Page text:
It isn’t difficult to write a pop song. It’s really not. The reason mash-up artists such as Girl Talk have a genre is because modern pop’s gotten lazy. It’s hard not to mash songs together when the similarities are so apparent. This was not the case for The Unicorns in 2003 on their Alien8 debut album “Who Will Cut Our Hair When We’re Gone?”
What the Unicorns did here is something remarkable, this record goes beyond what we expect of indie pop.
A listen through and you’ll see its optimistic charm; you’ll fall in love with the sweet-as-nectar harmonies of Nicholas Thorburn and Alden Penner, and then you’ll figure out that almost everything written on this record is about death. How about that? Wonderfully happy pop songs about death? The Unicorns open their album with “I Don’t Wanna Die” and close it with “Ready To Die.” Care to guess what they’re about? While the Unicorns become ready to die, they deliver 13 brilliant examples of what pop can be.
One aspect of this record that deserves recognition is its keen sense of humor. “Jellybones,” for example, starts with The Unicorns playing around with their synthesizer toys incoherently for 30 seconds, and leads into a frightfully catchy synth beat that absolutely defies you not to dance along. While you’re jumping around in your bedroom, you might catch what Nicholas Thorburn is saying. See, Nick’s lost his kneecaps, so he can’t dance along with you. He’s got a, “full-blown case of what is known as Jellybones.”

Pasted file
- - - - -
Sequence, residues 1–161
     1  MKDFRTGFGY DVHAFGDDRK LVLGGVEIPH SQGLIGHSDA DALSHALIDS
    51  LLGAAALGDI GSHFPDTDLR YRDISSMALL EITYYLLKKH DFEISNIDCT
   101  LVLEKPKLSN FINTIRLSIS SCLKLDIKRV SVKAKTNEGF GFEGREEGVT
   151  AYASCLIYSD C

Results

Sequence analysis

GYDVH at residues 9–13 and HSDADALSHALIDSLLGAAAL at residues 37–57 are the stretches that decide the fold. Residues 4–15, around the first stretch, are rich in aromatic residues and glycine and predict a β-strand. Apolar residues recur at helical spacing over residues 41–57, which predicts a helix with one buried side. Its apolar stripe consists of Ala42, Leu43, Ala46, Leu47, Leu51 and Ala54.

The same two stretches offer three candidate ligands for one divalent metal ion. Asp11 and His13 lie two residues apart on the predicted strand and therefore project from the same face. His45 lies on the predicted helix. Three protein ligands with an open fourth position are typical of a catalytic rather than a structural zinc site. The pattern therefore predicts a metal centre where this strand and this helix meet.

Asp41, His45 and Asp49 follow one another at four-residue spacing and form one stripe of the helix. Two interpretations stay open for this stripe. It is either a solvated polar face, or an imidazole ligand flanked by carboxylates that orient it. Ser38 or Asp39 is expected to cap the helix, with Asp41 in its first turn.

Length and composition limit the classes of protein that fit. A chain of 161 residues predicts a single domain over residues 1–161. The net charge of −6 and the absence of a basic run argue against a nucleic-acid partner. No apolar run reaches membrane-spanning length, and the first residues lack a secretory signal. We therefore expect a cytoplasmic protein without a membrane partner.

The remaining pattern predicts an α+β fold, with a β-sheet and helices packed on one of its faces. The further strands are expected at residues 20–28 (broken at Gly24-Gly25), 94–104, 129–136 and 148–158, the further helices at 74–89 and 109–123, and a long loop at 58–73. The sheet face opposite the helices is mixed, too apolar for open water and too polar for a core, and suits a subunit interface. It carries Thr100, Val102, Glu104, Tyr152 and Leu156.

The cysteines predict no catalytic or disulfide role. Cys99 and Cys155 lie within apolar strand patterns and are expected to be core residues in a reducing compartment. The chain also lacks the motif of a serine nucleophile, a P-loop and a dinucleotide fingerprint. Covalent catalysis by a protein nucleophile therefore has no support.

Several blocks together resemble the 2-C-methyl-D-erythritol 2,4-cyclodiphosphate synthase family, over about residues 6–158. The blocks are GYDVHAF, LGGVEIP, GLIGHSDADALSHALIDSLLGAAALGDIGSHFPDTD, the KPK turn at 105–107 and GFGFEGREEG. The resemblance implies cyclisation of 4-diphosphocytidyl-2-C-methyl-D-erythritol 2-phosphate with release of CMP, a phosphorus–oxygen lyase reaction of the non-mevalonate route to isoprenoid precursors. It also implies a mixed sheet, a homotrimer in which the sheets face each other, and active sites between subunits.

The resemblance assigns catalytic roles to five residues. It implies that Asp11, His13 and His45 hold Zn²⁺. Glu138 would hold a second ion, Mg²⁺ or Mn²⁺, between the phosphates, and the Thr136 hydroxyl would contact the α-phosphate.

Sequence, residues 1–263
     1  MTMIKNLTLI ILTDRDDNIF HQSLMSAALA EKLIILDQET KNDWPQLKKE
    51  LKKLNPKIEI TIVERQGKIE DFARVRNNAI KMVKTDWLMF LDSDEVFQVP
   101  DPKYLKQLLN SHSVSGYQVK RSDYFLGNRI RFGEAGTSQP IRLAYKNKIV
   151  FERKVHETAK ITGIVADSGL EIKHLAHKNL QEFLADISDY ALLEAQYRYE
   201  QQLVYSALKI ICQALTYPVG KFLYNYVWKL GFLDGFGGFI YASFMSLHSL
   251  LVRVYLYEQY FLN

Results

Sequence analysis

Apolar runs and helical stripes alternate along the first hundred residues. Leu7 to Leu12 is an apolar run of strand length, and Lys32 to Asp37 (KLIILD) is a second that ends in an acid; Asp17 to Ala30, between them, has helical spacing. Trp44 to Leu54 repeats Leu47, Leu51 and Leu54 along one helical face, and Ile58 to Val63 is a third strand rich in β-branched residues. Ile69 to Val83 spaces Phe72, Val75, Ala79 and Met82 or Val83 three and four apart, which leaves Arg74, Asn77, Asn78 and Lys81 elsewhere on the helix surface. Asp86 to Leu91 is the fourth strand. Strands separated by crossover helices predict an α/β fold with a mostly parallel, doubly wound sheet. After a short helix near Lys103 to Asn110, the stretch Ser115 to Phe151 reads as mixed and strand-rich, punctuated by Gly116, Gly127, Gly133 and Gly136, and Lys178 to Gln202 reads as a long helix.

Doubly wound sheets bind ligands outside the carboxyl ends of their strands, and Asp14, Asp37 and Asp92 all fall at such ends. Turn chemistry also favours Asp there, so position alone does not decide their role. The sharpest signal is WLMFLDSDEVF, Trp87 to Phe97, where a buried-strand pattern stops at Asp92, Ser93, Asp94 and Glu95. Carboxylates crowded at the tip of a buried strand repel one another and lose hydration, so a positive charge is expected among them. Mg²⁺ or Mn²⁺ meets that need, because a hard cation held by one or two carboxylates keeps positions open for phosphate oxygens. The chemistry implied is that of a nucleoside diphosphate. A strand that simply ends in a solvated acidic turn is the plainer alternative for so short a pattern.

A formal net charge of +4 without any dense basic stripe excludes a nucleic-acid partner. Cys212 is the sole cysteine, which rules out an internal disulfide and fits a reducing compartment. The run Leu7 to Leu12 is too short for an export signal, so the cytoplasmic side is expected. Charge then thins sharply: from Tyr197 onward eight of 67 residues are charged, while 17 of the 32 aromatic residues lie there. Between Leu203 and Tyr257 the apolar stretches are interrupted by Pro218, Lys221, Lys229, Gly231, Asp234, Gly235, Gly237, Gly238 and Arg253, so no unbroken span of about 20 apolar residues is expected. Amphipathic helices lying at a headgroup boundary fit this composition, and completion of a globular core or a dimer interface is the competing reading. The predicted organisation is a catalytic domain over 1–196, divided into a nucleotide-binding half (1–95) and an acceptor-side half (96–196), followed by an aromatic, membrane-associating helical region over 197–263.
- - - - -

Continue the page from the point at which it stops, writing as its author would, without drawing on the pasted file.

It’s hard to become acquainted with WWCOHWWG. Even after listening three or four times through, you may not be able to sing along, which points out the feat the Unicorns have accomplished here. They’ve gone and removed the verse-chorus-verse from pop. Each song flows perfectly from segment to segment without repeating itself, which makes for an endlessly refreshing listening experience.
“I Was Born (A Unicorn)” is easily the most accessible song on the record. The four-count on the snare and 60′s surf rock guitar tone tell us that The Unicorns are ready to party, but the problem is that someone forgot about unicorns, and now they’ve been left off Noah’s Ark. During the chorus the Unicorns argue with each other, “You say I’m doing it wrong/you are doing it wrong!” which shows us why Noah forgot about them. Who’d want to put up with bickering unicorns during a flood?
“Les Os”, the album’s climax, shows us the Unicorns’ capacity for more worldly topics. At this point in the album, if you haven’t realized the brilliance of these three Unicorns, this will push you over the edge. They ponder, “Is this love of ours a lie/ is it chemically derived to ascertain/ and sequester the pain/ is this love of ours a lie,” just before they deliver a cathartic shout that conveys all the emotion you could ever ask for.
This sort of thing is rare, people, so let’s recap real quick. Formless, sugary-sweet, death themed pop music. And it’s good. The Unicorns are ready to die, and it’s one hell of a lot of fun hearing about it.
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